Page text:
URI researcher gets the scoop on (rabbit) poop New DNA technique may save New England cottontail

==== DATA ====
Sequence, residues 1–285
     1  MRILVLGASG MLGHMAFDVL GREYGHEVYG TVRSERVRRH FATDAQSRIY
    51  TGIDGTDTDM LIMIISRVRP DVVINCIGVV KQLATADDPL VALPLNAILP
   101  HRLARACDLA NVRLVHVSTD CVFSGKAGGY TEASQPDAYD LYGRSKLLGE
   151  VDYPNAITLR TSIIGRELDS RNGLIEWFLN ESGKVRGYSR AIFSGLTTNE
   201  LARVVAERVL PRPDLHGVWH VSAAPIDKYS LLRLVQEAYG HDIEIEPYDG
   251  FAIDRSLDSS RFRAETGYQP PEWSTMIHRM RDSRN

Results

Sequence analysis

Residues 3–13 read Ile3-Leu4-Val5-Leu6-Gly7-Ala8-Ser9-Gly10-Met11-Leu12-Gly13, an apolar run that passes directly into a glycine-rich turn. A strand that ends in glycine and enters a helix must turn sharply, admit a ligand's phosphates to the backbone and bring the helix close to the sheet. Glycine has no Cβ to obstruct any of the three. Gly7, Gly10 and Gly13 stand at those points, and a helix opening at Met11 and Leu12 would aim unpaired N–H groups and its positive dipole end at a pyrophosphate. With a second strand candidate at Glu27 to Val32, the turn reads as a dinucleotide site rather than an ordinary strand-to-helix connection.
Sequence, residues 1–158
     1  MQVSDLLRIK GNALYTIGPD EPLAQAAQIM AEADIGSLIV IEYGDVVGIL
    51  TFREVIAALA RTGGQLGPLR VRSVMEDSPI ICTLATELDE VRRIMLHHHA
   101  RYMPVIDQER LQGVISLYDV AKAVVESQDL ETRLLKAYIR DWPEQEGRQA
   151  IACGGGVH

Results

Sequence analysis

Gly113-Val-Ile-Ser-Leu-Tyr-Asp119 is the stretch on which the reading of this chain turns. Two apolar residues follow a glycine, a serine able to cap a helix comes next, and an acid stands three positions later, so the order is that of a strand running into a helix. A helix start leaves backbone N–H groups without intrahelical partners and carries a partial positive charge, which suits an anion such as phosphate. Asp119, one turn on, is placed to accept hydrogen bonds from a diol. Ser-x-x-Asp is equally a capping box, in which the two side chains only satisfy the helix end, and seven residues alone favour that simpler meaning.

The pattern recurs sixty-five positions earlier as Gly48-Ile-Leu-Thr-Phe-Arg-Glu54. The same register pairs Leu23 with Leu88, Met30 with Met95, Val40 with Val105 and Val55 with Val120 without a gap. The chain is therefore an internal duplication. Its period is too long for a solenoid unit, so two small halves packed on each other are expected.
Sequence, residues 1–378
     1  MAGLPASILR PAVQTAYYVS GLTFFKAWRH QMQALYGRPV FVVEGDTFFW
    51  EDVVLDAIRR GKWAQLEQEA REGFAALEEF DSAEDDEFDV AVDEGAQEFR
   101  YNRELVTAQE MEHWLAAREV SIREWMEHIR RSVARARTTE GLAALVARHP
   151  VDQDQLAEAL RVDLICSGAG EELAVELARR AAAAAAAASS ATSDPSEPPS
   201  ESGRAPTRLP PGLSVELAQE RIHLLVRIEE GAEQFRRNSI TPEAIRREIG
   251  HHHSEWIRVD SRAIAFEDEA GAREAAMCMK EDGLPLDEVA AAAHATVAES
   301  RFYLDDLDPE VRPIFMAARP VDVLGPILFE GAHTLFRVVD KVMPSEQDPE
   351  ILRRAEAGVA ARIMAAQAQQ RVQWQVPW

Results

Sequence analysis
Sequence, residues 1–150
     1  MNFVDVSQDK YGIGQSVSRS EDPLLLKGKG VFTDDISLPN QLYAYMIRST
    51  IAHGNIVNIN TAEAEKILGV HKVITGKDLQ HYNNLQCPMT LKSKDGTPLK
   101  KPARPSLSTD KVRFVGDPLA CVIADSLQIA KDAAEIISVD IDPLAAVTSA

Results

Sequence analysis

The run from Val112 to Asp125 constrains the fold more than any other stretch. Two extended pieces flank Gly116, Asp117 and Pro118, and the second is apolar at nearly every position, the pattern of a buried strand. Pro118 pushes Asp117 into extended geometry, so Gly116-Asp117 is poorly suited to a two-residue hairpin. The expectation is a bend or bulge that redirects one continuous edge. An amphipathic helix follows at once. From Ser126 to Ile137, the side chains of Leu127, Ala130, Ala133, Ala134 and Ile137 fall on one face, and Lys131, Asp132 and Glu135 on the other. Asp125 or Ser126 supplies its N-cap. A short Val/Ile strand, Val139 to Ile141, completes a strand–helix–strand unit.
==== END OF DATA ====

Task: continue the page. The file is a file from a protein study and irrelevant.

KINGSTON, R.I. — March 29, 2000 — Collecting rabbit droppings is a messy job, but it might just be the key to protecting the rare New England cottontail from extinction. According to University of Rhode Island mammalogist Tom Husband of West Kingston, populations of the once-common rabbit are declining rapidly. “We’re finding them less and less often. They look to be on the way out.” But Husband has perfected a technique for extracting DNA from the rabbit’s droppings that might just save them. New England cottontails are almost impossible to distinguish from their common cousin, the Eastern cottontail, which was introduced to New England by hunters beginning in the 1930s. In fact, the only way of absolutely determining which species is which is to examine a clean, undamaged skull. “Since you can’t tell them apart in the field, and they are very difficult to trap, we don’t have a very good idea of what their range is,” explained Husband, a professor of natural resource science at URI. “But if we extract DNA from rabbit feces collected from throughout the region, we can provide an excellent picture of where the New England cottontail is found and where the Eastern cottontail is found.” Identifying a species’ range is a crucial step in managing its population. “To manage the two rabbit species properly, you have to know where they are and where they aren’t and what kind of habitat they require,” said Husband. “Range becomes very important.” Under Husband’s guidance, URI graduate student Melanie Smith of Portsmouth has been studying DNA extraction and purification techniques in the lab, and conducting a survey of road-killed rabbits in Rhode Island in an effort to determine their population. So far she has found very few New England cottontails. “We don’t know why New Englands are declining so rapidly,” said Husband. “It could be because of aggressive behavior by Easterns. It could be habitat changes. It could be fertility levels. We just don’t know.” Husband’s research is especially good news for local rabbit hunters. “The great fear in the hunting community is that if the New England cottontail is listed as endangered, which seems likely, it may preclude hunting of all rabbits,” said Husband. That’s because hunters can’t tell whether they are shooting the endangered rabbit or the common one. “This research is in the best interest of the hunting community.” In 1996, Husband spent several months learning modern DNA techniques, and he applied his new-found skills to identifying a genetic marker to more easily distinguish between New England and Eastern cottontails. But since rabbits are notoriously difficult to capture – for every 100 traps set out, most biologists only catch one or two rabbits – he began experimenting with new DNA techniques. “Rabbits routinely drop fecal material all around their territory,” he said, “and included in the feces are cells which have been sloughed off from their intestines. Those cells are what we’re testing.” The technique is being used by just a small group of researchers in the world, mostly on animals that are very difficult to catch or see. Soon Husband will also begin using the DNA technique in cooperation with Lisa Dabek of Roger Williams Park Zoo in Providence, the world’s leading expert on the tree kangaroos of New Guinea. “Biologists may study tree kangaroos for five years and only see half a dozen animals,” Husband said. “Extracting DNA from their feces will help to distinguish between tree kangaroo species and establish their ranges.” And just like with the New England cottontail, the effort comes not a moment too soon. # # # For further information: Todd McLeish 874-7892